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Economic circumstances discouraged
one million migrants from settling in LA
By Ivan Light, Professor of Sociology at UCLA*
19 April 2006: Conventional wisdom holds that cities and metropolitan areas are powerless to deter immigrants from moving in. Evidence suggests otherwise. Between 1980 and 2000, the Los Angeles metropolitan area deflected nearly one million Mexican immigrants, legal and illegal, to other US cities.
During that 20-year interval, the immigrant population in the United States increased from 14 million to 31 million, but the percentage of those immigrants living in the city of Los Angeles declined from 6.8 per cent to 4.9 per cent, according to US census data. That translates into 600,000 fewer immigrants in 2000 than would have resided here without the decrease. The same relative decline was evident in the five-county Los Angeles (LA) metropolitan area. The region's share of the US Mexican immigrant population in 1980 was 32 per cent; 20 years later, it was only 17 per cent about 961,000 fewer Mexican immigrants living in LA, Ventura, Orange, San Bernardino and Riverside counties than otherwise would have.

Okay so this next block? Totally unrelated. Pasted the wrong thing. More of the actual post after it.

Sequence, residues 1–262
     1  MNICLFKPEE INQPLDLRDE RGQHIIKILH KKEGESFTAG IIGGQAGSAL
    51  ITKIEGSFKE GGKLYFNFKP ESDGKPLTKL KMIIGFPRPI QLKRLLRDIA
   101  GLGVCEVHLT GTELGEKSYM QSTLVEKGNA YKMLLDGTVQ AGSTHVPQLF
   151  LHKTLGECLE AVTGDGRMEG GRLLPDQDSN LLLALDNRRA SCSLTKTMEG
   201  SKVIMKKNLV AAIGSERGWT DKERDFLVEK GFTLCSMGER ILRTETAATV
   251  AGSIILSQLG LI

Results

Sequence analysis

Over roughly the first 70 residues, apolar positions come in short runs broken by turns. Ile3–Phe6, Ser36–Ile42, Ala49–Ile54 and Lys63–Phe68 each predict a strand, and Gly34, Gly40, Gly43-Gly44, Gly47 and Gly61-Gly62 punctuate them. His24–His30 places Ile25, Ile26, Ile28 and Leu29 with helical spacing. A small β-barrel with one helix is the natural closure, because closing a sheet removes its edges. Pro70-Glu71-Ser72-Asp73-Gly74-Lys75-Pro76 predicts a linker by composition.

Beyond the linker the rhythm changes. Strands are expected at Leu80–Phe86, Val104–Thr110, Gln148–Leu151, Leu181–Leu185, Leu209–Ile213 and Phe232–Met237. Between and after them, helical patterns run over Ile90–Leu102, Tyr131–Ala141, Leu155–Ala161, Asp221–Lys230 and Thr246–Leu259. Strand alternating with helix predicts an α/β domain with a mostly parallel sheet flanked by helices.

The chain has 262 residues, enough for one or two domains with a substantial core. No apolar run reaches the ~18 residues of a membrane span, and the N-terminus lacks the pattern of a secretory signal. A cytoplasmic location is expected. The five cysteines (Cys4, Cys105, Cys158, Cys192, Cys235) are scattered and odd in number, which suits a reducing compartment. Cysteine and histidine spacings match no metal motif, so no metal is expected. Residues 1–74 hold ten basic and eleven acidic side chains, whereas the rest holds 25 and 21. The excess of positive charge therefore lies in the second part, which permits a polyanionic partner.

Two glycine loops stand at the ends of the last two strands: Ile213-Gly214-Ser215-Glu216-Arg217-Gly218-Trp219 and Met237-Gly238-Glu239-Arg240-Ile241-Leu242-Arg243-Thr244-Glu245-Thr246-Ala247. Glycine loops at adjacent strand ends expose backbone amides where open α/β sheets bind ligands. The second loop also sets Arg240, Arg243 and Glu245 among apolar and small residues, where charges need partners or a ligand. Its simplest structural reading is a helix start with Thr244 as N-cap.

Why did a million Mexican immigrants bypass the LA region and settle elsewhere? Three factors were important: migration networks, market economics and tougher local regulation of slums and sweatshops.